The FTSE 100’s six female chief executives earn only 54% of the salary of their 94 male equivalents, exposing a substantial pay gap as the UK arrives at Fat Cat Friday.
The women earned an average of £3.2m last year compared with £5.9m for the men, according to figures compiled by the Equality Trust, which also published statistics showing that FTSE 100 CEOs now earn a median wage of £3.9m per year. This means that it would take an average worker (on a median pay of £29, 574) 133 years to earn a chief executive’s average pay.
The six female CEOs are Carolyn McCall (ITV), Emma Walmsley (GSK), Alison Brittain (Whitbread), Olivia Garfield (Severn Trent), Alison Cooper (Imperial Tobacco) and Véronique Laury (Kingfisher).
Dr Wanda Wyporska, executive director of The Equality Trust, said: “Even women who have reached the highest echelons face a gender pay gap and are paid less than men. The cosy club mentality of top companies continues, dominated largely by white males.”
However, with such a small number of women, it would be hard to come to a conclusion about the reasons for the pay gap. Luke Hildyard, director of the High Pay Centre acknowledged that it may be more to do with the nature of the companies they lead.
He said: “The pay gap provides limited insight. What’s more revealing is that there are only six CEOs – women face a lot of obstacles. The fact that they are paid less on average than the 94 men may not be significant.” Other factors, such as size of company and share performance play a key role in determining senior pay, he added.
Wyporska described the increase in the salary of CEOs relative to ordinary working people as a “national scandal” and added that “this rampant inequality is damaging UK society. A society that values its teachers, care workers and nurses at less than 1% of a FTSE CEO is beyond broken. Countries with high levels of inequality, such as the UK, have higher levels of mental and physical ill health, obesity, drug and alcohol addiction and lower levels of trust and educational attainment. To create a society where all flourish, we must tackle inequality urgently.”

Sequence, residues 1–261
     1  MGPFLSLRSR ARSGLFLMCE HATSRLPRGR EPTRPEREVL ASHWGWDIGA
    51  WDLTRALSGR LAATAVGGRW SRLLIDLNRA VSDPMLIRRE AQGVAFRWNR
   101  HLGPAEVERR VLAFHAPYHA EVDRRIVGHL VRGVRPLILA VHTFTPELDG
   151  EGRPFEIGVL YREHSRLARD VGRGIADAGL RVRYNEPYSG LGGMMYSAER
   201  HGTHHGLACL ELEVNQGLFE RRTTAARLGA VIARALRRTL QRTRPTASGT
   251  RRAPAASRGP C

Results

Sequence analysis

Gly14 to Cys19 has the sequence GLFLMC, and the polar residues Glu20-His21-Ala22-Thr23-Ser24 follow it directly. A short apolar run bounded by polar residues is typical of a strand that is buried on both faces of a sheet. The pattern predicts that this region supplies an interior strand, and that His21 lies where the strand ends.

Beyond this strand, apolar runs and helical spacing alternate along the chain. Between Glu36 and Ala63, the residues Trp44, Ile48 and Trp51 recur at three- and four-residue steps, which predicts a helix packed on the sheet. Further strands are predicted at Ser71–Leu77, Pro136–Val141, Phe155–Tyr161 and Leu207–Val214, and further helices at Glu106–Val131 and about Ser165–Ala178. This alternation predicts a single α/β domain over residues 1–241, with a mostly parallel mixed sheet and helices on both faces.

This year’s Green Park report into diversity at board level in FTSE 100 companies showed that only 7.6% of the most senior roles (chair, CEO and chief financial officer) were held by women. There were 10 CFOs, as opposed to 12 in 2017. The number of female CEOs was unchanged. The report revealed there are five black and minority ethnic CEOs and three CFOs of FTSE 100 companies, both increasing by one from last year.
The CIPD and High Pay Centre have issued a report calling for remuneration committees to ensure that CEO pay is better aligned to rewards across the wider workforce and that their contribution is measured on both financial and non-financial measures of performance. This should include measures such as employee well-being and investment in workforce training and development – all of which are crucial for good corporate governance.
Hildyard said: “Excessive executive pay represents a massive corporate governance failure and is a barrier to a fairer economy. Corporate boards are too willing to spend millions on top executives without any real justification, while the wider workforce is treated as a cost to be minimised.”
The report exposes the myth of “super talent” as a factor that continues to drive excessive pay and quotes one remuneration committee chair as commenting: “It’s nuts… and nuts has become the benchmark.”